We investigate stationary nonequilibrium states of systems of particles moving according to Hamiltonian dynamics with specified potentials. The systems are driven away from equilibrium by Maxwell-demon "reflection rules" at the walls. These deterministic rules conserve energy but not phase space volume, and the resulting global dynamics may or may not be time reversible (or even invertible). Using rules designed to simulate moving walls, we can obtain a stationary shear flow. Assuming that for macroscopic systems this flow satisfies the Navier-Stokes equations, we compare the hydrodynamic entropy production with the average rate of phase-space volume compression. We find that they are equal when the velocity distribution of particles incident on the walls is a local Maxwellian. An argument for a general equality of this kind, based on the assumption of local thermodynamic equilibrium, is given. Molecular dynamic simulations of hard disks in a channel produce a steady shear flow with the predicted behavior.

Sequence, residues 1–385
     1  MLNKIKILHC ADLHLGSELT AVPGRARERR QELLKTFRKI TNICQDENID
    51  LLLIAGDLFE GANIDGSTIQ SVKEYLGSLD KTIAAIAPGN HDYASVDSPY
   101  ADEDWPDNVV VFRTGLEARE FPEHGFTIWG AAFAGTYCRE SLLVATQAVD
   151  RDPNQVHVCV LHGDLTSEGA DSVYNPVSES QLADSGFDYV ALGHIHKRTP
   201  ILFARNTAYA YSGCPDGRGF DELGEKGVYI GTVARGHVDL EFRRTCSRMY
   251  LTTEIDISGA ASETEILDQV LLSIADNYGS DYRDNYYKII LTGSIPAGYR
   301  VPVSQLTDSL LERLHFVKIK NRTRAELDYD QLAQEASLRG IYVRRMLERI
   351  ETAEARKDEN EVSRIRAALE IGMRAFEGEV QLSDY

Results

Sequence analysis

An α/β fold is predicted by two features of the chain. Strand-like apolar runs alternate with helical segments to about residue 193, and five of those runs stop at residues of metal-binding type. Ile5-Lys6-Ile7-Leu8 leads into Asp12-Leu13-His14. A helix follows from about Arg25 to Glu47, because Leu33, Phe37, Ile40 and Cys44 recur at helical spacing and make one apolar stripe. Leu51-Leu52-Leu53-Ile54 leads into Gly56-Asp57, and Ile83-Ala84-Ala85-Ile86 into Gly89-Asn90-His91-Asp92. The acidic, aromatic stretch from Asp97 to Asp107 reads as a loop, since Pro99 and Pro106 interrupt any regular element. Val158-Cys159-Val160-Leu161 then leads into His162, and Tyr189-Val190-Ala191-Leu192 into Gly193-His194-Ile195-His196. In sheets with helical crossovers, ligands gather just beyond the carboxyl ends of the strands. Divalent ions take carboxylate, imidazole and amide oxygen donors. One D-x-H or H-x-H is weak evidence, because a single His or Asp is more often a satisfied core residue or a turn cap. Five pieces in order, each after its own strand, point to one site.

All Science Journal Classification (ASJC) codes
- Statistical and Nonlinear Physics
- Mathematical Physics
- Deterministic dynamics
- Maxwell-demon boundary conditions: Entropy production
- Shear flow
- Space-phase volume contraction